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Project Advisor 1
Electrophysiology is the study of the electrical properties of cells and tissues. In neuroscience research, it involves the measurement of the electrical activity of neurons. Xenopus laevis tadpoles have previously been used for electrophysiological experimentation because tadpole neural circuit organization has been well-characterized. In addition, the neural connections within the retinotectal circuit of the tadpole—from the eye to the brain to the optic tectum—mirror what can be seen in many mammalian sensory circuits. The optic tectum is a region of interest in many electrophysiological studies that use tadpoles, as it is a highly accessible midbrain structure important for the transformation of sensory input into movement output.
When paralyzing tadpoles for electrophysiology work, a neuromuscular blocker called pancuronium is often used. Within the peripheral nervous system, it causes muscle relaxation and paralysis by blocking the neurotransmitter acetylcholine from binding to the nicotinic acetylcholine receptors at the neuromuscular junction. However, there is evidence that if pancuronium enters the central nervous system, it may affect the brain cell features relevant to electrophysiology data—like synaptic currents—due to the process of binding to neuronal-type acetylcholine receptors. This could compromise the reliability of pancuronium as a paralytic agent for in vivo studies of the brain that use tadpoles, nematodes, and fish.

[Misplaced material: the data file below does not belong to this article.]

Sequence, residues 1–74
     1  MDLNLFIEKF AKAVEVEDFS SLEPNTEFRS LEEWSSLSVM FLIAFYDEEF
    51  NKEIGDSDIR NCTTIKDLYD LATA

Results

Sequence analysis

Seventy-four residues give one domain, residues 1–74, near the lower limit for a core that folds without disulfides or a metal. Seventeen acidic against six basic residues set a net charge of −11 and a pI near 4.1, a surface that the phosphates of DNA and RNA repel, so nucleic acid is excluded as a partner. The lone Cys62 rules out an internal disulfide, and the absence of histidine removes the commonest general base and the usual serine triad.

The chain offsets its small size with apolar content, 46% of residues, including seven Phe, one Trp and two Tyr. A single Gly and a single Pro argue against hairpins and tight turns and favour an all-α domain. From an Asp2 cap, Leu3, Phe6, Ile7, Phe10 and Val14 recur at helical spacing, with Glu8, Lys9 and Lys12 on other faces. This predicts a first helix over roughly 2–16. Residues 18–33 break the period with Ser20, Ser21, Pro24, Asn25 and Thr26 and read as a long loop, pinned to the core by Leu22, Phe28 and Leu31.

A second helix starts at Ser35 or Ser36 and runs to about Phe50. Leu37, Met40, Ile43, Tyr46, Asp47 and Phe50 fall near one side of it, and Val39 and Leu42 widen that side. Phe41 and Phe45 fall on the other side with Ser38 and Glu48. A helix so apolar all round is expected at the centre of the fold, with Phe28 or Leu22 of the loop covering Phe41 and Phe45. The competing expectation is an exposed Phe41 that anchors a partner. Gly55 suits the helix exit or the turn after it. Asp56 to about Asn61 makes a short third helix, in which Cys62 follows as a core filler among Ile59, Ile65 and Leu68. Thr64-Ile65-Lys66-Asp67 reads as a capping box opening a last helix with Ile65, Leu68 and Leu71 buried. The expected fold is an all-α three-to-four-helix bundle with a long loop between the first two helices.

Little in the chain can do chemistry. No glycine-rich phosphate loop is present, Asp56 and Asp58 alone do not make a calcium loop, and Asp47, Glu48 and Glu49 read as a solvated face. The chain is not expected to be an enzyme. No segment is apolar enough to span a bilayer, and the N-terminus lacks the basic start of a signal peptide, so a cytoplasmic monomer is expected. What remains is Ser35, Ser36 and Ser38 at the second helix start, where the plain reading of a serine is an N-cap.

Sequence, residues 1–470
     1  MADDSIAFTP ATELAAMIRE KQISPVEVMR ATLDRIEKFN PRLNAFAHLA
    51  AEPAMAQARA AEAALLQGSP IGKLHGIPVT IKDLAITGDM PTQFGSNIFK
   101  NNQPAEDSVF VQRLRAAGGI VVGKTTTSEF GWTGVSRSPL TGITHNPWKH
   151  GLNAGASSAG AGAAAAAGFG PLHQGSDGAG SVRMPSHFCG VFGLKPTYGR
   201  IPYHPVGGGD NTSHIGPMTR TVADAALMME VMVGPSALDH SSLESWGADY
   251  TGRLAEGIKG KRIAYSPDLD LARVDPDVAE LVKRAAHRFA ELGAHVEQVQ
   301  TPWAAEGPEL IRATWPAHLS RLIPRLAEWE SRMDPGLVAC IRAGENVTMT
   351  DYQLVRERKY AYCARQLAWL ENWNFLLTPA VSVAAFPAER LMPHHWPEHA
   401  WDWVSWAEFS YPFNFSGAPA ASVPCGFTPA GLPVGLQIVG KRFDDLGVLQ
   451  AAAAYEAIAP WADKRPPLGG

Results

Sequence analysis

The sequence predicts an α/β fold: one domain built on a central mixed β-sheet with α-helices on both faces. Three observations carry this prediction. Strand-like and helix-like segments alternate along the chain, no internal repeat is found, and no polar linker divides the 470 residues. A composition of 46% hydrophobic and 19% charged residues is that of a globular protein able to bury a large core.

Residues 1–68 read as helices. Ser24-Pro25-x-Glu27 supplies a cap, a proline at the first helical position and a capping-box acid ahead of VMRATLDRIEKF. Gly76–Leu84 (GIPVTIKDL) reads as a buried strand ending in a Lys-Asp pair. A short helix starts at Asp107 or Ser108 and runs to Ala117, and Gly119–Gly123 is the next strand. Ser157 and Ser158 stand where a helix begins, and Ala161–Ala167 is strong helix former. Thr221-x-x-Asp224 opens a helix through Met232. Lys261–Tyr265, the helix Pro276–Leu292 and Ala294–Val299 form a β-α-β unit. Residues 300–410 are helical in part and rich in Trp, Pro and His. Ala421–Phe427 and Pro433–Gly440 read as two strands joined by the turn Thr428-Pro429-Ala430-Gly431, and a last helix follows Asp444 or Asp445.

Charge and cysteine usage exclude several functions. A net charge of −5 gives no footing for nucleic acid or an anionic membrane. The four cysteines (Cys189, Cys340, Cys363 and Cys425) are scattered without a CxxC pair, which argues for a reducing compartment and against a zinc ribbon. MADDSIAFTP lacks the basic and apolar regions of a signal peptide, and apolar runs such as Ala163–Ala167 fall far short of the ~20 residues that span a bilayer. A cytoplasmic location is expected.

The goal of this project was to use electrophysiology to measure features of synaptic currents—evoked postsynaptic currents and spontaneous (miniature) postsynaptic currents—of individual neural cells in the tadpole optic tectum upon exposure to pancuronium to assess how the paralytic influences excitatory and inhibitory activity of these currents while keeping the cellular voltage constant. However, due to the semester ending prematurely, I was unable to complete data collection. Therefore, the results are inconclusive.
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Finch, Adele Elizabeth, "Synaptic Currents in Xenopus laevis Tectal Neurons: A Study on Whole-Cell Patch Clamp Electrophysiology" (2020). Senior Projects Spring 2020. 132.
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